As regulators play catch up, it’s easier for tech organizations to capitalize on a largely unregulated industry that has the potential to influence our experience of reality. We need to assess how much the Metaverse will benefit individuals and ensure that it does not exacerbate existing inequalities in society. This is what frightens me.
But we still have time. The Metaverse is just not there yet – unless you’re open to lowering your expectations significantly.
Media Relations Specialist at Markettiers
In my opinion, right now, the Metaverse is an unknown. It is still new, and we do not know how it will impact the world! Like when the TV was introduced to the world, many assumed that it would fade away as no one would have the time to stare at a box for so long. But look at how important it has become!
However, I think the Metaverse is a promising place, where all mankind can be the same and race is not something to consider about a person. The concept of race might not even exist over there. Yet, let’s not forget that it is still an unknown.
Associate Director at Spread Communications
I am with team utopia. The Metaverse – a term that we are all still trying to fully understand and grasp at this point – can simply be defined as a parallel virtual world where people/avatars will socialize, work, and interact. I am quite optimistic and do believe that we will get to see incredible innovations in AR & VR. We are already seeing these mixed technologies slowly becoming a part of our daily lives. Imagine collaborating on a project with individuals across the world, with a sense of having them right by your side. As creativity flows and technology advances, I’m sure brands will launch exciting and engaging campaigns too.
While the Metaverse brings about several business opportunities, we do need to be mindful of safe and responsible innovation. I believe this is something that will eventually be regulated by government bodies and I don’t think the Metaverse will ever replace the real world – both will simply co-exist.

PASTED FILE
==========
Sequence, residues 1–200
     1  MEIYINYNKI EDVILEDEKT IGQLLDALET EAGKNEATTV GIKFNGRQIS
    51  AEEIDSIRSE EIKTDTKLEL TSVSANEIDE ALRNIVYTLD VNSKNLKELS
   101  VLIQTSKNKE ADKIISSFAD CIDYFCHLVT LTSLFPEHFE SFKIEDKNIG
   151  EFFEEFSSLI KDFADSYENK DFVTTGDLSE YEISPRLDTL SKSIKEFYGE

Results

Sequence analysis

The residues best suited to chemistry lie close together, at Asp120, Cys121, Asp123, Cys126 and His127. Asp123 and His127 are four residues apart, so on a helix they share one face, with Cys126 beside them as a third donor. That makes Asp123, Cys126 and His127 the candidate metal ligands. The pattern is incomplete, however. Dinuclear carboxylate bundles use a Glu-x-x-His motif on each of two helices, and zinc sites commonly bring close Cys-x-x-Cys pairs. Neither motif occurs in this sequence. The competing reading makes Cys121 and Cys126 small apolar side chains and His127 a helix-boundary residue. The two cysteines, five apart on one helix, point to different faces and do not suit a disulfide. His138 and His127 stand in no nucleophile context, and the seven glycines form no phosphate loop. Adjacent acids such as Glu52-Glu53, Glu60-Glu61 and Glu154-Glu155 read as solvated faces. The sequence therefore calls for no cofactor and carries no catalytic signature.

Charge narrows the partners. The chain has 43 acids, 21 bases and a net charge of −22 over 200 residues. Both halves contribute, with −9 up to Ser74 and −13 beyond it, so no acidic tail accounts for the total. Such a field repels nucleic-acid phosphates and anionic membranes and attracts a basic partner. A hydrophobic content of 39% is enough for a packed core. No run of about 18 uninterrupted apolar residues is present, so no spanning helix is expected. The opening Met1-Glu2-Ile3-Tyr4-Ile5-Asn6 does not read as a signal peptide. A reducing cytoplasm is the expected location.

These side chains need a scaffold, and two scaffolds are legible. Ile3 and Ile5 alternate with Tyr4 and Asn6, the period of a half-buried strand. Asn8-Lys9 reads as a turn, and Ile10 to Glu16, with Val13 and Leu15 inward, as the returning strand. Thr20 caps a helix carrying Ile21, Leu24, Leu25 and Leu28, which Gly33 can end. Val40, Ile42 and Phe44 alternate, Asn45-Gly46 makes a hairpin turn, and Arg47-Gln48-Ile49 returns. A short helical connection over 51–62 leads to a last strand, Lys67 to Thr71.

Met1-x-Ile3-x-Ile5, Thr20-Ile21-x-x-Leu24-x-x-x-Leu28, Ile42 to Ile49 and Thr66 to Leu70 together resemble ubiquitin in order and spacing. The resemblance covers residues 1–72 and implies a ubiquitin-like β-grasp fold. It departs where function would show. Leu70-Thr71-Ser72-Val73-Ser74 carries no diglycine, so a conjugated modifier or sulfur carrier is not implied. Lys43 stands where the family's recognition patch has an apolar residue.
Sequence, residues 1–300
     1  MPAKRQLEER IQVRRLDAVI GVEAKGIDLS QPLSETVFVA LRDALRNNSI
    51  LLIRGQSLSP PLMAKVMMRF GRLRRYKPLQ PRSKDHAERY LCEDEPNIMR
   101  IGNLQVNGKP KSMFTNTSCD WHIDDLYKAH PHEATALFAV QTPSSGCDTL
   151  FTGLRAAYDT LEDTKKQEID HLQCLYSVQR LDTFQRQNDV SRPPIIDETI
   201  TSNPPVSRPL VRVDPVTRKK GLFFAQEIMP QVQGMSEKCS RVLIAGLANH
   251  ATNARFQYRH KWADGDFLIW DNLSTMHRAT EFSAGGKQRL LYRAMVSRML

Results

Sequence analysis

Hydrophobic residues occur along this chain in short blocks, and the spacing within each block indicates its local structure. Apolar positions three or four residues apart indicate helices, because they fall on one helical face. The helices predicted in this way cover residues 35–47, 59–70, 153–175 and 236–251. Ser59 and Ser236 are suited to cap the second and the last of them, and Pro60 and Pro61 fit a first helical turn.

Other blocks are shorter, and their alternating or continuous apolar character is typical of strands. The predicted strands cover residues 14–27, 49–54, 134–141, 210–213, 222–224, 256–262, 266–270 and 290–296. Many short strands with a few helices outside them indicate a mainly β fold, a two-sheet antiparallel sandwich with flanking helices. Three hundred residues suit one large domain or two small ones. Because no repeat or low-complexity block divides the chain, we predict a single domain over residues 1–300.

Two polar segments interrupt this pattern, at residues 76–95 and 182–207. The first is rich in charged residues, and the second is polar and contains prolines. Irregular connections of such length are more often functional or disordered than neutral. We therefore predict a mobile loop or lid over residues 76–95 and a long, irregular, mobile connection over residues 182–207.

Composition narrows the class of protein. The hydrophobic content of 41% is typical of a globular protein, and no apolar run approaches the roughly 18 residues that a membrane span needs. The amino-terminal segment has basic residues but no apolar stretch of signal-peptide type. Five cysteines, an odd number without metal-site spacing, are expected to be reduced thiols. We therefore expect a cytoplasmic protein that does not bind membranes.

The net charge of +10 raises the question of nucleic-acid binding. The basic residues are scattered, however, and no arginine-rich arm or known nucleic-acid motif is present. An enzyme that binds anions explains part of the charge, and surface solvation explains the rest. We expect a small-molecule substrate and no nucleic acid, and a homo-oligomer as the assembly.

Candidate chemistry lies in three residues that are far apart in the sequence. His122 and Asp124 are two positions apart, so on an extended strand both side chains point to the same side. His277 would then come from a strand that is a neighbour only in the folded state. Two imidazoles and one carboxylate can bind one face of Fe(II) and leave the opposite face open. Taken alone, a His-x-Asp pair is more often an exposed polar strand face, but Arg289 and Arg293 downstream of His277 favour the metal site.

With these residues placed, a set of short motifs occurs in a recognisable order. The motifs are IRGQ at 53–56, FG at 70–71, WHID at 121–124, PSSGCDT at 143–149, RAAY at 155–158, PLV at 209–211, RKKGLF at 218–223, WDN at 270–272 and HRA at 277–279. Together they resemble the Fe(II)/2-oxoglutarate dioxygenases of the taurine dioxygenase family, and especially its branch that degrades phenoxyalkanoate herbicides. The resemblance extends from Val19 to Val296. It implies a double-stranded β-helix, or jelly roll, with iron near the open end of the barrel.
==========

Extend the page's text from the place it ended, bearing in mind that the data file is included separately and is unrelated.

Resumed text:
Founder of Shakespeare Communications
Like for every emerging technology, there are those championing it and those who are fearful. Those championing the Metaverse see it as an open, fairer, more inclusive and diverse environment, with enormous opportunity. ‘Cooler’ brands and fashion houses are already embracing it – such as Adidas, Nike, and Balenciaga.
It certainly seems like a utopia in that we can all enter our own virtual space and create our own environment, for work, play, or socializing. I like to think it’s a similar leap to what we’ve seen with mobile phones. We’ve gone from carrying around enormous bricks to supercomputers on our wrists in a few decades. The Metaverse is the next iteration of the Internet, whether we like it or not. It’s taking a keyboard-based experience to a fully immersive virtual world of our own design. And doesn’t that sound interesting?
However, there are two sides to every coin, and the more cynical among us might agree it could quickly become a dark, scary place. They might also suggest it’s a little odd that as climate change becomes an irreversible catastrophe, we’re all being encouraged to plug into a virtual world while megalomaniac billionaires all jet off into space. Either way, it’s an absolutely fascinating construct, and I look forward to seeing where it takes society.
This article was published in Communicate's latest issue.